McCain Freezing Out Press On Campaign Trail

07/17/2008 05:12 am ET | Updated May 25, 2011

John McCain has historically courted and cultivated relationships with reporters of the traveling press corps, so much so that BBC's Katty Kay once referred to the press as McCain's "base." That may be changing, according to a report from Michael Shear of the Washington Post, who observes that McCain's "new press strategy" is to "avoid them":

McCain today held a 10-minute press conference, complete with podium, microphones for the questioners, network-quality audio and a camera for a local television station, which allowed CNN to carry it live.

And where was the national press corps?

Sitting on the runway 27 miles away, having been ferried to McCain's charter plane, totally unaware that a press availability was about to take place until one of the handful of "pool reporters" sent an e-mail alert.

Shear speculates that McCain's shift in his stance toward the press may have something to do with his campaign's recent acquisition: "The new approach may reflect the growing influence of the newly-powerful Steve Schmidt, a top adviser and protege of Bush political guru Karl Rove, who was famous for his desire to control the press's access to his candidate."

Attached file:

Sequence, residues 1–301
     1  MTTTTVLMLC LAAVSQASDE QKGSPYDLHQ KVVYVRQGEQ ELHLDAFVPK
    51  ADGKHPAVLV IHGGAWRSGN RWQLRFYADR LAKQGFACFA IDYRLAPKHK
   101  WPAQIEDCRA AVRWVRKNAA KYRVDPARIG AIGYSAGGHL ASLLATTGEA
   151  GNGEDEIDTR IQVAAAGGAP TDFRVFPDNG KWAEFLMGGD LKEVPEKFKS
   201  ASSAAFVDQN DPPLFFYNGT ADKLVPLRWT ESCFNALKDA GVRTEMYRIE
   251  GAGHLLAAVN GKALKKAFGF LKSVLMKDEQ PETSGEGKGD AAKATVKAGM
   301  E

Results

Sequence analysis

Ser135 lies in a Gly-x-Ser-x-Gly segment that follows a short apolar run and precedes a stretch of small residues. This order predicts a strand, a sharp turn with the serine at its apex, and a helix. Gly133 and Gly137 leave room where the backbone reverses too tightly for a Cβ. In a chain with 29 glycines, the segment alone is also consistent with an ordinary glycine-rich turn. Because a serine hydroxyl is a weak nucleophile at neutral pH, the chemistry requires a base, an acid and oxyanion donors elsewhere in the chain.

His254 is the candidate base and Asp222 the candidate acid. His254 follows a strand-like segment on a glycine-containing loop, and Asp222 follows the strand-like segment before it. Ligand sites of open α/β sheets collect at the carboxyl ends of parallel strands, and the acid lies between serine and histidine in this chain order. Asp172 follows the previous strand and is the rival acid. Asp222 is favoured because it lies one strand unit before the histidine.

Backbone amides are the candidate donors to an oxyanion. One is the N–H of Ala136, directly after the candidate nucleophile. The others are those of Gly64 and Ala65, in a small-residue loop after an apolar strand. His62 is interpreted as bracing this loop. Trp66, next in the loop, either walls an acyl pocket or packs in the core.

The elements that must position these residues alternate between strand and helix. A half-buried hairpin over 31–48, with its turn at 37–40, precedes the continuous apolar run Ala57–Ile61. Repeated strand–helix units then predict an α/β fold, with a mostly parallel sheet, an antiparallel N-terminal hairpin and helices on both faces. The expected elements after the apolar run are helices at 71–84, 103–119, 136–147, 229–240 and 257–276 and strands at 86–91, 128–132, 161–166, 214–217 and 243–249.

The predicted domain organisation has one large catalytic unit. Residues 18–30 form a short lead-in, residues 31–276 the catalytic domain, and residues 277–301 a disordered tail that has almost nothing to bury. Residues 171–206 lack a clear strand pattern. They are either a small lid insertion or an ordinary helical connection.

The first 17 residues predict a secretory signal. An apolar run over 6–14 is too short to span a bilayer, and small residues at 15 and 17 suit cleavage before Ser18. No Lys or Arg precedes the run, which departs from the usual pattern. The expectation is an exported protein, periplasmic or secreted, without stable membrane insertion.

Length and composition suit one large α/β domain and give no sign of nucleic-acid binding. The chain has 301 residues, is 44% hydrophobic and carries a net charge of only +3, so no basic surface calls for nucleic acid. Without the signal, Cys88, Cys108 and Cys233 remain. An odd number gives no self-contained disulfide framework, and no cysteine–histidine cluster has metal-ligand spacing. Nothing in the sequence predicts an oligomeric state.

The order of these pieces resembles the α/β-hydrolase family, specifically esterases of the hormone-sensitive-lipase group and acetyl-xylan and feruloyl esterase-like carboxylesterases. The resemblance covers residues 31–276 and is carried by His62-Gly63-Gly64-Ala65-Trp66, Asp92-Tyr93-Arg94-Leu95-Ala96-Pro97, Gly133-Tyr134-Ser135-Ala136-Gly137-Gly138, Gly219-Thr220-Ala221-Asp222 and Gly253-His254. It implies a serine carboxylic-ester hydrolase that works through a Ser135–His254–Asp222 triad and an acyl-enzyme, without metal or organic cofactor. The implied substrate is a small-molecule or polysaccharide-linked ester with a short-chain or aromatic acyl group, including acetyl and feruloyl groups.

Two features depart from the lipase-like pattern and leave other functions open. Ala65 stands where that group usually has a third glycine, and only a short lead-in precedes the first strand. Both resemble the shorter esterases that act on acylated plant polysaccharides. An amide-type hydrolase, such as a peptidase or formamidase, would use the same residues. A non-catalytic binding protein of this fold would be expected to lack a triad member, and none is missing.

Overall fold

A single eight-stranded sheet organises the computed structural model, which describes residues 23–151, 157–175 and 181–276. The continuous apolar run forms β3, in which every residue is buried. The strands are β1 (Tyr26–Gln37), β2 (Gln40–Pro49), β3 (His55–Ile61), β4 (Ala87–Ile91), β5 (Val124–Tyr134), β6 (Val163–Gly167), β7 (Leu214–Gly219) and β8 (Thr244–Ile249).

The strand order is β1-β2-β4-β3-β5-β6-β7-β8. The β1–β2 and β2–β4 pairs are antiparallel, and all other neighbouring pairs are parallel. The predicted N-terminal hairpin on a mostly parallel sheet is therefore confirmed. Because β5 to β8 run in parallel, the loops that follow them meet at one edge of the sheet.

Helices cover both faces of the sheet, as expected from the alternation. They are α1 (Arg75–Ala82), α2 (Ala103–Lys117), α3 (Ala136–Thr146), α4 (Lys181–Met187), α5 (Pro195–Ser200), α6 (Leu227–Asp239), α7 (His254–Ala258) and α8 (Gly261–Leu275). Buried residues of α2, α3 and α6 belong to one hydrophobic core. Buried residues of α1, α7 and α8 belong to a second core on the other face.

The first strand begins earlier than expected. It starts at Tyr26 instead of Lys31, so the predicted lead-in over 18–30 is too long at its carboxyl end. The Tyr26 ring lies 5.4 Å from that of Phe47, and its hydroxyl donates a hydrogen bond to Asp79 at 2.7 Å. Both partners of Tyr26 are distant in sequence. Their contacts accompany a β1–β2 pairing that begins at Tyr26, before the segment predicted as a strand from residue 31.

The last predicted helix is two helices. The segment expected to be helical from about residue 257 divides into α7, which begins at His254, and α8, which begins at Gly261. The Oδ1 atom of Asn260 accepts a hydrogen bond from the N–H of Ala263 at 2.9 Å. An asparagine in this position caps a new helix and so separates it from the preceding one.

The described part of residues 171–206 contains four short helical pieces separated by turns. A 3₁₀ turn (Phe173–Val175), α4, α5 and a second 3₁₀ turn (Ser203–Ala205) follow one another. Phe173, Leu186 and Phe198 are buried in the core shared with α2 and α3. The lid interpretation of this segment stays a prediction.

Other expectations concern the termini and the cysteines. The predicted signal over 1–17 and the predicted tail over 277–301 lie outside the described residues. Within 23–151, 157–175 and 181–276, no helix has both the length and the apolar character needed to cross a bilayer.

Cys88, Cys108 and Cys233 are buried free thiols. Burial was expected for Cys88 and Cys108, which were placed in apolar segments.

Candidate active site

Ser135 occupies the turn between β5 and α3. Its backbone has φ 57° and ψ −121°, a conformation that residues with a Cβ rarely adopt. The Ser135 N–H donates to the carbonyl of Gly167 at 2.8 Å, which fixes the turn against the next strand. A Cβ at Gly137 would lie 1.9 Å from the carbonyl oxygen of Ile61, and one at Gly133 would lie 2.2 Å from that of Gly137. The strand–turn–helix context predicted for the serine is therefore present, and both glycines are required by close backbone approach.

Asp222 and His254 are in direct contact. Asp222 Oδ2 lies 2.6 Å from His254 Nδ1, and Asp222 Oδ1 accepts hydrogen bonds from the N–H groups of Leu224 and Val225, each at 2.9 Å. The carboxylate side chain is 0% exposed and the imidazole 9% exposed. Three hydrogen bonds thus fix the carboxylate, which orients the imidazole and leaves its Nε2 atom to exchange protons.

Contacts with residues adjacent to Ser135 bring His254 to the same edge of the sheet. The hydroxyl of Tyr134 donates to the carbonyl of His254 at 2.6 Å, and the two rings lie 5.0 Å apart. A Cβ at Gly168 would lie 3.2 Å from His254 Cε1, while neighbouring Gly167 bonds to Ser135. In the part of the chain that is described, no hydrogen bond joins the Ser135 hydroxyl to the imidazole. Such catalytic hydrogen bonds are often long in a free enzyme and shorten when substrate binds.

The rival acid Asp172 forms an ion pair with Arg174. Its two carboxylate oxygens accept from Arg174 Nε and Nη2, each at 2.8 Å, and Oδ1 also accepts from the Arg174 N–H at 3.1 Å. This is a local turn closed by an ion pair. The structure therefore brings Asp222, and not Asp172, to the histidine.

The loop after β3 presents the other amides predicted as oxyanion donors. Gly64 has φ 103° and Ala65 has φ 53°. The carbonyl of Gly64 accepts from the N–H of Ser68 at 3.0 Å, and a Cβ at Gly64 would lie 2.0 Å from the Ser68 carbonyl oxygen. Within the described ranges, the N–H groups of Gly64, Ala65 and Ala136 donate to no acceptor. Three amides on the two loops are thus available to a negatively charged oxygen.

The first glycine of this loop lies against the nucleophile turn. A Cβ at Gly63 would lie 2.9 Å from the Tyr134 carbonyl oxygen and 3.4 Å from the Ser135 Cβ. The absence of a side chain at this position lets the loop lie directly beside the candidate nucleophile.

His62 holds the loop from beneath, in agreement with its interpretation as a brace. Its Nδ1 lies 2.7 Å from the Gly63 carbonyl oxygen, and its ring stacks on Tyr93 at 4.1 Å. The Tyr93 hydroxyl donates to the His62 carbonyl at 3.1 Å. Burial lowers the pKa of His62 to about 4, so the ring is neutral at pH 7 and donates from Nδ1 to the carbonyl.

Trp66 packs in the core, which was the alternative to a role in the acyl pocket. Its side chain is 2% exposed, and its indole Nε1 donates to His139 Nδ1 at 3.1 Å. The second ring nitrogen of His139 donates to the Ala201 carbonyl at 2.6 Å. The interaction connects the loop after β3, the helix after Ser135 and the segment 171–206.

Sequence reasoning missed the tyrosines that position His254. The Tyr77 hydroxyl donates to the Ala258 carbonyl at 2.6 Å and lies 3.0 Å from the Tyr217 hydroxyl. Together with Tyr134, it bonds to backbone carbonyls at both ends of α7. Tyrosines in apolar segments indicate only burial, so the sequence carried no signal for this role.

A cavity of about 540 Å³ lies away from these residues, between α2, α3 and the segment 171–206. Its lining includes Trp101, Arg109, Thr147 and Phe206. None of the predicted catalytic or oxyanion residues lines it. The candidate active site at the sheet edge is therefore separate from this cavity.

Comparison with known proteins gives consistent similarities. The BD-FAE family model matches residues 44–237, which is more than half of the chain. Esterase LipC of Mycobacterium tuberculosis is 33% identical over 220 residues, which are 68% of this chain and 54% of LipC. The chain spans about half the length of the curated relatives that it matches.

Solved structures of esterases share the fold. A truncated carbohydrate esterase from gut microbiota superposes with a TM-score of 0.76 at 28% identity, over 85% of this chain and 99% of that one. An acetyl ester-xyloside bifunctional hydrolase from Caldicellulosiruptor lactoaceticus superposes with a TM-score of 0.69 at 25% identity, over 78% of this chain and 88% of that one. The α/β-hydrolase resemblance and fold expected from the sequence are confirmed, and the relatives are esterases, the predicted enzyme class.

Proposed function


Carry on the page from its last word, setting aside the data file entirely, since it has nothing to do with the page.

But! If you are willing to be a dedicated flack for the McCain campaign, it's a different story entirely. David Corn explains:

During a July 1 McCain campaign call featuring Senator Lindsey Graham and Orson Swindle (who was a Vietnam POW with McCain), only two questions were taken--both from conservative bloggers. The first came from Ed Morrissey, who asked Graham and Swindle, "Can you explain the significance of John McCain's command experience in the Navy...as well as whatever leadership he has shown in the Senate....and can you address...that Barack Obama doesn't have any executive experience at all?" The next query came from Matt Lewis. Referencing retired General Wesley Clark's recent comment that McCain's military service and POW experience did not qualify him to be president, Lewis asked Graham and Swindle if Clark's remark was part of "a concerted effort by the Obama campaign, or can liberals simply not keep themselves from attacking the military?" Then the call was over.

Corn asks: "Had it been merely a coincidence that the only questioners had been rightwing bloggers who had served up soft balls?" Naturally, we have no idea! But that trademarked "straight talk" is becoming a notably scarce commodity.

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